On Tuesday, Matthews filed to withdraw from his role as counsel for the governor’s office, according to court records.
Sanders wrote a letter to Griffin on Tuesday, according to circuit court documents, stating she had no need for Hutchinson’s external legal counsel because the arguments on behalf of the former governor do not apply to her.
“Because my positions are no longer ‘directly adverse’ to those taken by the Attorney General and because I have not asserted a claim against the State of Arkansas, I have asked the Attorney General to resume his representation of me in my official capacity as Governor,” Sanders wrote.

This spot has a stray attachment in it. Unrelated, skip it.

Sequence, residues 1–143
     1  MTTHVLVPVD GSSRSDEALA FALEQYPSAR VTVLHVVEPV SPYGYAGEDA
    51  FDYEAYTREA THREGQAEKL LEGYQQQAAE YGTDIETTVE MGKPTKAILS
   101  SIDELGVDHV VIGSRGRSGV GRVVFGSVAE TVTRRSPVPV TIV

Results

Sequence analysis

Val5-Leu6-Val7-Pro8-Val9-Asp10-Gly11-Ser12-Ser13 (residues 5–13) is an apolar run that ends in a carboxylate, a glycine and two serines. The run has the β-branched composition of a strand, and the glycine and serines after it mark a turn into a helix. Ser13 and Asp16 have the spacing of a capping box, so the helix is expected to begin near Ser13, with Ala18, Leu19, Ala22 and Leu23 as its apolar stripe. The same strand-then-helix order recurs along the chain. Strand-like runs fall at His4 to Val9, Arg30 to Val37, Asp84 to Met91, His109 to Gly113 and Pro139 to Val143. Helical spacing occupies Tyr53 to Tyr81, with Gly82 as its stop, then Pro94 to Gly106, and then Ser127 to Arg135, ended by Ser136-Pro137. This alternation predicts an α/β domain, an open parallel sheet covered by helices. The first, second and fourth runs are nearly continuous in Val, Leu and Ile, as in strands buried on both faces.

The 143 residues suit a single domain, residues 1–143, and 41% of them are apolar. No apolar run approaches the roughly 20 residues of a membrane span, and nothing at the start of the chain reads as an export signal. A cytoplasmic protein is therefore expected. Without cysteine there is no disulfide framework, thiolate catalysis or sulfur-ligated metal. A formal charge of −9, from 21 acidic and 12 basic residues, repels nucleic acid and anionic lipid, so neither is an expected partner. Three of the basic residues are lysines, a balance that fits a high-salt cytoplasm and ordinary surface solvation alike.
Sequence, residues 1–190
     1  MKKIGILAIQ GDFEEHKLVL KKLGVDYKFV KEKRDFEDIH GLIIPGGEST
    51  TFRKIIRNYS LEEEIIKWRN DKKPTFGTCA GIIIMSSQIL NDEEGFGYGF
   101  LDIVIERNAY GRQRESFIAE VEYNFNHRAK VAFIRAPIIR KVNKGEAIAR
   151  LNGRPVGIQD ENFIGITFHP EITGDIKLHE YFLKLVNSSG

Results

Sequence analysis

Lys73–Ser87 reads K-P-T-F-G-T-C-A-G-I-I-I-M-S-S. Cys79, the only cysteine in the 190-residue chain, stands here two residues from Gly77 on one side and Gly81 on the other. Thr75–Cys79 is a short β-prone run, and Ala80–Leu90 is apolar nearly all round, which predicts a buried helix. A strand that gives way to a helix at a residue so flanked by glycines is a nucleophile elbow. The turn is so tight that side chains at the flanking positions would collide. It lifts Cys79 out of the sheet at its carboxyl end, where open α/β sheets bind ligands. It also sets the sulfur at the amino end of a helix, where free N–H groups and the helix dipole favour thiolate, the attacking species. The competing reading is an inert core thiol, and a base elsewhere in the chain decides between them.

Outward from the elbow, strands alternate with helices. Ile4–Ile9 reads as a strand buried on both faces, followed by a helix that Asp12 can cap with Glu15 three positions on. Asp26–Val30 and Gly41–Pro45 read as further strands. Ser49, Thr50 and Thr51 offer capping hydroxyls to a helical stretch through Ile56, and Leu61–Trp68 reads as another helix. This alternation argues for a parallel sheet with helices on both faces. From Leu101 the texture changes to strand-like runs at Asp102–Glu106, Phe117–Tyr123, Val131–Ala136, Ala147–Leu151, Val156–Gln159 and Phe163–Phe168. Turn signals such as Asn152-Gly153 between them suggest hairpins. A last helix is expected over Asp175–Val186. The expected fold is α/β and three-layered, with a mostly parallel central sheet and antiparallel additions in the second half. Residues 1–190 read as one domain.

An oral argument in the case before the state Supreme Court was canceled Jan. 10, the day Sanders took the oath of office, according to court records.
Hutchinson ordered a statewide mask mandate in July 2020 and lifted it at the end of March 2021.
The plaintiffs in the lawsuit are two Little Rock parents, Veronica McClane and Ashley Simmons; the Little Rock and Marion school districts; and Pulaski County Judge Barry Hyde and Sheriff Eric Higgins.
McClane and Simmons both had children under 12 years of age, the minimum for COVID-19 vaccine eligibility just before the start of the 2021-22 school year. A draft of the lawsuit became public in late July 2021, helmed by lawyers representing LRSD after Superintendent Mike Poore recommended the legal challenge.
”No rational reason exists for denying public school students, teachers and staff, and the school boards that are obligated to keep them safe, the ability to ensure that all who work and learn in our public schools are as safe as possible,” the lawsuit states.